New research by Roger D. Masters and colleagues at Dartmouth College suggests exposure to toxic pollutants –specifically lead and manganese—may contribute to people committing violent crimes. Masters developed the “neurotoxicity hypothesis of violent crime,” which he hoped would help to explain why violent crime rates differ so widely between geographic areas. Masters also found that environmental pollution and high alcohol use have a strong effect on violent crime. U.S. counties with measures of neurotoxicity—lead, manganese, and alcohol—have violent crime three times the national average. “The presence of pollution is as big a factor as poverty,” said Masters in a May interview in New Scientist. “It’s the breakdown of the inhibition mechanism that’s the key to violent behavior.”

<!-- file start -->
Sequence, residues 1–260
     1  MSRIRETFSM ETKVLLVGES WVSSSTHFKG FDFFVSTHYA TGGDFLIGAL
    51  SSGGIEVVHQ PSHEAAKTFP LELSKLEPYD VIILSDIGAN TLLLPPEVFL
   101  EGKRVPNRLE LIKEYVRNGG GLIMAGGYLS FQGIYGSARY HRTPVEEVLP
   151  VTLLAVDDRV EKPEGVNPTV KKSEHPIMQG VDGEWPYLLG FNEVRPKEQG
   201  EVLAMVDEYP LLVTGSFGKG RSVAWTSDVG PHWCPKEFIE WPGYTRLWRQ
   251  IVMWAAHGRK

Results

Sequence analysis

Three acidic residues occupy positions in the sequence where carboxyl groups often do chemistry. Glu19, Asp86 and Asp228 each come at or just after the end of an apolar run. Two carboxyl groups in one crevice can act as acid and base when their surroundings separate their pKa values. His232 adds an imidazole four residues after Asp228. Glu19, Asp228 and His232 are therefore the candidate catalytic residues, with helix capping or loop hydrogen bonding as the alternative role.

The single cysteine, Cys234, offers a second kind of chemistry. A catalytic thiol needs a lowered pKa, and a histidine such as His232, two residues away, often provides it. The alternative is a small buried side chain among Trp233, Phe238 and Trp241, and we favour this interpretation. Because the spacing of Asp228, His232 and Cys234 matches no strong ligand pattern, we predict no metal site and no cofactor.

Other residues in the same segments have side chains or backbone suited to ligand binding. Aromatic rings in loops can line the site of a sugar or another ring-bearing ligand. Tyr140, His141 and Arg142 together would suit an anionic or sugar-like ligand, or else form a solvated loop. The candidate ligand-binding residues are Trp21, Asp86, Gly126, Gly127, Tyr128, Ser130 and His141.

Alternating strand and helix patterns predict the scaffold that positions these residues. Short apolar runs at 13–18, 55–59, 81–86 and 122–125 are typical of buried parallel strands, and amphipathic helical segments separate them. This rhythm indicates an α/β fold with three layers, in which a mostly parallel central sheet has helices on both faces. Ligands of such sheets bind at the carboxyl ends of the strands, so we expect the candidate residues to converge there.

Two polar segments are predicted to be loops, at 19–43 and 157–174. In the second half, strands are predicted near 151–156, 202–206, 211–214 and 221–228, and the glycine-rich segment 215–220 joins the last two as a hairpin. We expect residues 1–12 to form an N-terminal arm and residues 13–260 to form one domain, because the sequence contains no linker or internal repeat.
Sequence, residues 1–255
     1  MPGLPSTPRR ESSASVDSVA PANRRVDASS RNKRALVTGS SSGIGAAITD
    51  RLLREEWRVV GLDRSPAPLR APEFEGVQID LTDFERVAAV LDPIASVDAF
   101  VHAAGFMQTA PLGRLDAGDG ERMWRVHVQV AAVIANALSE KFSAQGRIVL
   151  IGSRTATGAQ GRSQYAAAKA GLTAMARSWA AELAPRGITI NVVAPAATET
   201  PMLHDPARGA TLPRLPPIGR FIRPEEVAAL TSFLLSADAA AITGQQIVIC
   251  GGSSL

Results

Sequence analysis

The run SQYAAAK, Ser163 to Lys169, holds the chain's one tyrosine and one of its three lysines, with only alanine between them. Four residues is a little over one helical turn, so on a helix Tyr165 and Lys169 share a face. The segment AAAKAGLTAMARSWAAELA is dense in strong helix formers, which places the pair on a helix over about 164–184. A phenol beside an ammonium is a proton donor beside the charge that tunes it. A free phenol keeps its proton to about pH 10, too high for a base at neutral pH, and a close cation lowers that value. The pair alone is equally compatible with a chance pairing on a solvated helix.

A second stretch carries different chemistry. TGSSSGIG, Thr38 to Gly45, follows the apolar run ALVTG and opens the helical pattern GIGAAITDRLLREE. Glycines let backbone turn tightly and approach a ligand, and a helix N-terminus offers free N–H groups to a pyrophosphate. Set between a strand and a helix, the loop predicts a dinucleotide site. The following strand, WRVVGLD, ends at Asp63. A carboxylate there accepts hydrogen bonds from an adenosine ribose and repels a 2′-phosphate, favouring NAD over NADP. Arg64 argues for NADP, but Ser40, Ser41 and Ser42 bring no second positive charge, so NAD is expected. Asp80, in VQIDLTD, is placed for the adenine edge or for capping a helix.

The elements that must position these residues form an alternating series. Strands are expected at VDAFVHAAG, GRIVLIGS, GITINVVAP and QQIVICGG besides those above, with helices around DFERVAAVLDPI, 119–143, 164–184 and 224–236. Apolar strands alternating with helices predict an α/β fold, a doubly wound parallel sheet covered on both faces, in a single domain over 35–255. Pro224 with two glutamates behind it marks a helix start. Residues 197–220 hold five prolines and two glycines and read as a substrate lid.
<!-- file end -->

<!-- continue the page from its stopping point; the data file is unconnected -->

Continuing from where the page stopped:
Despite government attempts to regulate the potential dangers of environmental exposure to toxins, such as outlawing lead in gasoline and tin cans and requiring lead paint disclosures, in 1994, an estimated 1.7 million American children ages one through five had blood lead levels of 10 micrograms per deciliter of blood (ug/dl) or more. Among African-American children in large cities, 36.7 percent have blood lead levels of above 10 ug/dl. Reduced IQ power can be measured when lead is as low as 7 ug/dl, but any amount of lead exposure seems to diminish mental power in children. Brain damage from lead exposure persists for many years, and IQ reduction is essentially permanent. An estimated 20 percent of American children now exhibit mental or behavioral problems.

The main source of toxic lead in children today is in dust and soil, with much of it coming from the lead-based paint of older buildings. The Centers for Disease Control (CDC) calculated that American taxpayers could realize a net profit of $28 billion in social savings and increased productivity by removing all lead-based paint from old buildings.